Zero student in masters' programs after semester system introduced

July 31, 2018 04:30 AM Bhim Chapagain


ILAM, July 31: Introduction of the semester system in masters' level programs by Tribhuvan University has affected student enrollment in campuses affiliated to it in the hilly districts of the eastern region. In some campuses, the number of enrollment in the masters programs has gone down to zero. Due to this, the colleges are in a dilemma over whether to continue classes or not.

The decline in the number of enrollments is directly related to some mandatory conditions that a student has to fulfill in the semester system. As part of the system, a student has to attend at least 80 percent of the classes. They have to complete all the periodic assignments and projects and submit it to their course moderator. While the concerned college evaluates the students for 40 percent of the marks based on their projects, assignments and attendance and the office of the dean evaluates the student for the remaining 60 percent of marks based on its written examinations.

However, such provisions did not synchronize with the requirements of the prospective masters' programs candidates in the region. Generally, prospective students of master's level program in the region are either jobholder or are into some business. Attending regular classes, in most of their cases, is not possible. Such students enrolled for masters' program earlier as it did not force them to choose between their occupation and a masters' degree.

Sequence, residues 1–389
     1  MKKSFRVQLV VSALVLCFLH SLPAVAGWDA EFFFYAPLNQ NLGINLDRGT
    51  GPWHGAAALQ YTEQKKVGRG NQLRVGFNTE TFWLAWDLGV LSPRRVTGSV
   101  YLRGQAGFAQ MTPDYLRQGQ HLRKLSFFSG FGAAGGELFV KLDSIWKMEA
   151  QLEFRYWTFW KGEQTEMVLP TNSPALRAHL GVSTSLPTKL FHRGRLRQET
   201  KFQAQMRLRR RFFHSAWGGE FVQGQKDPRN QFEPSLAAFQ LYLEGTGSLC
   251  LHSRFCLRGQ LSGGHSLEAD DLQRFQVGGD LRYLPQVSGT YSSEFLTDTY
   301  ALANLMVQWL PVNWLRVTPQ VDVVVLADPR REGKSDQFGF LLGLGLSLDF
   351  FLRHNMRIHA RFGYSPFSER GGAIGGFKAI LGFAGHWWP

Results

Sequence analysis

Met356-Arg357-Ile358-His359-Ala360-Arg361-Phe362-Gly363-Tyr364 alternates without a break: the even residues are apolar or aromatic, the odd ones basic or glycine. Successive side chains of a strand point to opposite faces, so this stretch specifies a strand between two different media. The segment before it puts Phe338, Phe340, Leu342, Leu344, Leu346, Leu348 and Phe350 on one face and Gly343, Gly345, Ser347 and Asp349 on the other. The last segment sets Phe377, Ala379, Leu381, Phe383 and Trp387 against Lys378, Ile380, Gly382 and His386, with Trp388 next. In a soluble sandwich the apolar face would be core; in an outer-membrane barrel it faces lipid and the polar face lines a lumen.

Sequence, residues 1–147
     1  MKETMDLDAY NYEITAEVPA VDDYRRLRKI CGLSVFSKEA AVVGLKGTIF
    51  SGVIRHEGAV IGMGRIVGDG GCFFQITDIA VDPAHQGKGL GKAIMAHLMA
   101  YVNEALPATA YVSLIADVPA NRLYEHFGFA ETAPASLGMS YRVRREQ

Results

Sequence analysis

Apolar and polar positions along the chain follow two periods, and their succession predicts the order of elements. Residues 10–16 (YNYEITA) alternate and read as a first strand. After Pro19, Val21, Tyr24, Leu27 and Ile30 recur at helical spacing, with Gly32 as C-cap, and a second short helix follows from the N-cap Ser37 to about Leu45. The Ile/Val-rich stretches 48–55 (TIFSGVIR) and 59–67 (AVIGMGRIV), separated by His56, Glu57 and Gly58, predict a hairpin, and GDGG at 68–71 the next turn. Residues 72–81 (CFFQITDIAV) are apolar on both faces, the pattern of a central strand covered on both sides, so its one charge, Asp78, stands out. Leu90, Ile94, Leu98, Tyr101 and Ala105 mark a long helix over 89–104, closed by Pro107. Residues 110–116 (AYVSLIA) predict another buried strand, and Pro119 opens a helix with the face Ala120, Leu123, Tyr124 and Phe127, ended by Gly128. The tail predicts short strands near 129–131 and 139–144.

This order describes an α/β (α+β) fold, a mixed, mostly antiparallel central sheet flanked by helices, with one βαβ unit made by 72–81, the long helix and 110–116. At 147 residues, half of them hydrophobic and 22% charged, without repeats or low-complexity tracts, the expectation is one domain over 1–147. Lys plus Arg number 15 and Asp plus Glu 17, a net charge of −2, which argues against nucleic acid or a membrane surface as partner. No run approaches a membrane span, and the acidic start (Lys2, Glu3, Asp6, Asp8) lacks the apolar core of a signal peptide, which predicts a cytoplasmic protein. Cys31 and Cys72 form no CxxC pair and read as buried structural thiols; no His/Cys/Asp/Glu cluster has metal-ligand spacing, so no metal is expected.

There are dozens of colleges affiliated to TU in Ilam, Panchthar, Dhankuta, Tehrathum, Bhojpur and Sankhuawsabha districts that offer masters' level courses. It is mandatory that at least 10 students be enrolled in a course for the college to offer it. However, as this minimum numbers have not reached in many of the colleges, fate of the students who want to acquire a masters' degree has become uncertain. Campuses in these districts, except Dhankuta and Panchthar, did not receive any applications. In the two exceptional districts, campuses cancelled the enrollment as the minimum numbers of students requirement for offering the course did not meet.

TU officials claimed that number of students enrolling for the masters' level was not much even in the past. Compared to the bachelors level, it was low. Most of the colleges in the area have been offering masters' level course only since the last one decade.

Mahendra Multiple College is a very popular destination for students in the region. However, this year, even this college has not attracted master's level student. The campus reported zero enrollments in its masters' level programs this year.                        

"Semester system is new for students. We did not receive any applications for enrollment this year," said Campus Chief Ramprasad Guragain. "Now, we are in dilemma over what to do about our masters' level programs. The office of dean does not allow operating classes unless there are at least 10 students," he added.